There must be something liberating about being the hosts. You’ve already proved your douze hoovering potential the year before. Now you get to show off your hosting abilities. So the song’s not all that important.
It means you can go a bit experimental, try connecting the chorus up to a different power supply and see what happens. Nobody at home is that bothered, they had their proud bit twelve months back. So that is partly the reason we have this as the hometown song this year.
Admittedly, the absolute favourite to win Festival Da Cancao was disqualified late in the day so it’s naive to suggest this was the under-the-radar preferred choice of Portuguese telly all along. What it does do is save the aforesaid station a heap of cash in hosting Eurovision 2019. Which is nice for them.
It’ll be an interesting experience for the viewers at home this year. Songs like this are too subtle to make it through the semi-final post 2004 and it’s not the type of stuff that host nations put out either. While trying to be polite and not detracting from the obvious musicality of this song – this feels like the most obvious toilet break of the evening once the hometown cheers have died down.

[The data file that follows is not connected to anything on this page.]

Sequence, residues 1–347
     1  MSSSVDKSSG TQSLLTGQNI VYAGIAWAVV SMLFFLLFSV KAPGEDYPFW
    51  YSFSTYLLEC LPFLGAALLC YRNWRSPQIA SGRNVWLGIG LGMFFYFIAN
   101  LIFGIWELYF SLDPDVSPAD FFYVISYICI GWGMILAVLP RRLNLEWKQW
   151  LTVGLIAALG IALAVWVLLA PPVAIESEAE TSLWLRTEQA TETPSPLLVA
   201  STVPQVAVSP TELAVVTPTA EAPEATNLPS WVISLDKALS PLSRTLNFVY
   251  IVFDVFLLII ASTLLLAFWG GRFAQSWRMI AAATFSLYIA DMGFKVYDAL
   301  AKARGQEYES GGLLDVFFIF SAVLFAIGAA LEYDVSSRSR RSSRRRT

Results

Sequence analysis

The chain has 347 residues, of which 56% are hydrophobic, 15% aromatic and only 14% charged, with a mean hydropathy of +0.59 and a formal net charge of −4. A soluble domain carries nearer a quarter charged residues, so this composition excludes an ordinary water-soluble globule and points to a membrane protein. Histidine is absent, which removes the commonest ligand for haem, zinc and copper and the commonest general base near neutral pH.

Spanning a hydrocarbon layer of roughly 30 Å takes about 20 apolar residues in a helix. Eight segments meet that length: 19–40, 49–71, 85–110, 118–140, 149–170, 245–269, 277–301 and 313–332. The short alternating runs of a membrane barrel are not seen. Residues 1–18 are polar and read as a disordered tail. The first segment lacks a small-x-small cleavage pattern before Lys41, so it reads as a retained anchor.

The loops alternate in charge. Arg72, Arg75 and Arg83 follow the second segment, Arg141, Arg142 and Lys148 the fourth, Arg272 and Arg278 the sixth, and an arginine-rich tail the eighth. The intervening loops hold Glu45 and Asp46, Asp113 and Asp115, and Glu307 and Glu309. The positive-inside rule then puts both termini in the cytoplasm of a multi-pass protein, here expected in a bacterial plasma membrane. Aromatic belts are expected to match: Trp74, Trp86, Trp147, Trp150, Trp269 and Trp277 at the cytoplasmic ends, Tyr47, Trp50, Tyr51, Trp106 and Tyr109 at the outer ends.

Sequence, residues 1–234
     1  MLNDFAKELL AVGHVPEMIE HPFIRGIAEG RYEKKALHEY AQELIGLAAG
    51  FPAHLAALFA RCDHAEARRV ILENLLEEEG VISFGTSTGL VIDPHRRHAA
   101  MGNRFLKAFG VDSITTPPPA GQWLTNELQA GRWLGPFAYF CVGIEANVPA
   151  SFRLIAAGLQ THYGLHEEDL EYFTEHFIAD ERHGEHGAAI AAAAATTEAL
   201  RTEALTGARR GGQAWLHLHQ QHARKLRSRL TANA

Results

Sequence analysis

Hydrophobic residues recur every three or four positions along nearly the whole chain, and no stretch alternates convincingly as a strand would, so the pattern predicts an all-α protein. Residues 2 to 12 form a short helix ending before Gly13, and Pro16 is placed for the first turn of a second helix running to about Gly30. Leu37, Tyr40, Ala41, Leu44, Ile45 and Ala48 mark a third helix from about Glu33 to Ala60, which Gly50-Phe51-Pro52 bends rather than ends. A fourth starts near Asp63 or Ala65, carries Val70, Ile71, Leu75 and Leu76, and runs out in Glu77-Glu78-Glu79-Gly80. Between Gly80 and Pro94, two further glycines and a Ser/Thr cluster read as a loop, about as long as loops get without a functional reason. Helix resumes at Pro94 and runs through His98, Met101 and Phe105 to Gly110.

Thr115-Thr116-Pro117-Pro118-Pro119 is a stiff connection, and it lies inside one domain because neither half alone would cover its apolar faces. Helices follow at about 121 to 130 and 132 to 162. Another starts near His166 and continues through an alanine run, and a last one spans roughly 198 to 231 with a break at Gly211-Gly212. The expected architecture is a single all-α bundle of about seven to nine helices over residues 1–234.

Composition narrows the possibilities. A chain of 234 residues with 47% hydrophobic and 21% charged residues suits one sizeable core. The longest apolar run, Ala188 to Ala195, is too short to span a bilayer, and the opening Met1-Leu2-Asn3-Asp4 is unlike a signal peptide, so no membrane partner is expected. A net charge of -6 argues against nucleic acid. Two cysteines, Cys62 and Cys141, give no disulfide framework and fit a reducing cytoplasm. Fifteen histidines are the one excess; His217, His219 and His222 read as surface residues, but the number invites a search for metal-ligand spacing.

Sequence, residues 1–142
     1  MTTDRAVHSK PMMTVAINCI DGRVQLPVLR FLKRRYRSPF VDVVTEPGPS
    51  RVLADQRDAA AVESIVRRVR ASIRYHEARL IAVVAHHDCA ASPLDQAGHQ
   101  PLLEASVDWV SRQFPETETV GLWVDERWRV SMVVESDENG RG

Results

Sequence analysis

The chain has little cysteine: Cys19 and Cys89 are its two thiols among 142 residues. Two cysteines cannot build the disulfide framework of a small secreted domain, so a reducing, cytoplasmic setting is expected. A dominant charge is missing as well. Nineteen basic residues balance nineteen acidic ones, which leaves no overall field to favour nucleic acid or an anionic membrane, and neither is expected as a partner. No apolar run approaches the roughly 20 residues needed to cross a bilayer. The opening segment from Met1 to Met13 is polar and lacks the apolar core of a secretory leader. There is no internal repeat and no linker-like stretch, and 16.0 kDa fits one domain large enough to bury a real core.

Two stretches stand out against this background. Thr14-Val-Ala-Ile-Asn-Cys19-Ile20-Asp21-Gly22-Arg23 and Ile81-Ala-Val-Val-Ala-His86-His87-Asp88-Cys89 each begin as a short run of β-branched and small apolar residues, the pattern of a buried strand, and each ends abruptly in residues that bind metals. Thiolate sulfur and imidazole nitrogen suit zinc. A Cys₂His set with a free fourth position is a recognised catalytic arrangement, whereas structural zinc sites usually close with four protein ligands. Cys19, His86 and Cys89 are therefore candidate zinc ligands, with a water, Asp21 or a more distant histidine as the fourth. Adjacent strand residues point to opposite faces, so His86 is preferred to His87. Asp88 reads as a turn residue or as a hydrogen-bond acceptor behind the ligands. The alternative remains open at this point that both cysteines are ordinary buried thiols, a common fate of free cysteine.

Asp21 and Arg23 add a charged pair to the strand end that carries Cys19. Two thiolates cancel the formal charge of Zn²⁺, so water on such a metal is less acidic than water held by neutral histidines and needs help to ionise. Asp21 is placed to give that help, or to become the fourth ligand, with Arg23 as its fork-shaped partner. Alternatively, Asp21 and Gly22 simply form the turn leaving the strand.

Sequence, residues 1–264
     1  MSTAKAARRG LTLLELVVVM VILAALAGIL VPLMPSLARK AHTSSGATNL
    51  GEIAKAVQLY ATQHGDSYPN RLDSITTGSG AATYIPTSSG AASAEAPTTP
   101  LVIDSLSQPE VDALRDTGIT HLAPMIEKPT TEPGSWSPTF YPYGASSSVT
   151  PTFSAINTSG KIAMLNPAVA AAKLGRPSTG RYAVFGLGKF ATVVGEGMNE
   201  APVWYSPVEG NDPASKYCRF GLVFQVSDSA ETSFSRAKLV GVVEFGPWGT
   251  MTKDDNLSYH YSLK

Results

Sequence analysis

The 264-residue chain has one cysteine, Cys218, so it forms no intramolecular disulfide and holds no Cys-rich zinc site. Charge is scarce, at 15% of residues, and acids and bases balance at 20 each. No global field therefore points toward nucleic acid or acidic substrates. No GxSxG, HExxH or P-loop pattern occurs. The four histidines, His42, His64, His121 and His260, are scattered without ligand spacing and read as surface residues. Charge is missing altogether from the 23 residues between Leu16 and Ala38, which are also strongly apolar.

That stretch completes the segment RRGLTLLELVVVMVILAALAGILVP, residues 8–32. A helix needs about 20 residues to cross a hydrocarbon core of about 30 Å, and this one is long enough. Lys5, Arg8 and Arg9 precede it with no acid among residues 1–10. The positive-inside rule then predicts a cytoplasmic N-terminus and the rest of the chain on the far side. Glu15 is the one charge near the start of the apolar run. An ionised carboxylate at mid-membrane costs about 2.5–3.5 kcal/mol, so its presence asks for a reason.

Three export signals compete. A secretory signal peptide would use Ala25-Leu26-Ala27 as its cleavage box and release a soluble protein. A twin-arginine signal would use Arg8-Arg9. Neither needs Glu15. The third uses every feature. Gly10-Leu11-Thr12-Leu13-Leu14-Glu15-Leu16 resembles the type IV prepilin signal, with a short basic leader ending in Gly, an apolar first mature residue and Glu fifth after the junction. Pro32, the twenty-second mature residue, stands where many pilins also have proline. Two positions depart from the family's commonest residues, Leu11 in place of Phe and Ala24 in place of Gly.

While putting together the graphic for this post, there was some head scratching as to whether Isaura, Claudia’s mate who hangs around at the back of the stage should get a mention. I decided not although it’s an admirably curious addition to proceedings, like a deconstructed version of Azerbaijan’s horse from last year.
With the best will in the world, with all due respect to our hosts, it’s not going to be another Portuguese Eurovision in 2019. This song, it’s delicate delivery and gossamer presence is so anti everything the Contest is all about that it’s not even worth rebelling by giving it a vote. Sorry Portugal. But you do make exceedingly good tarts, so obrigado for that.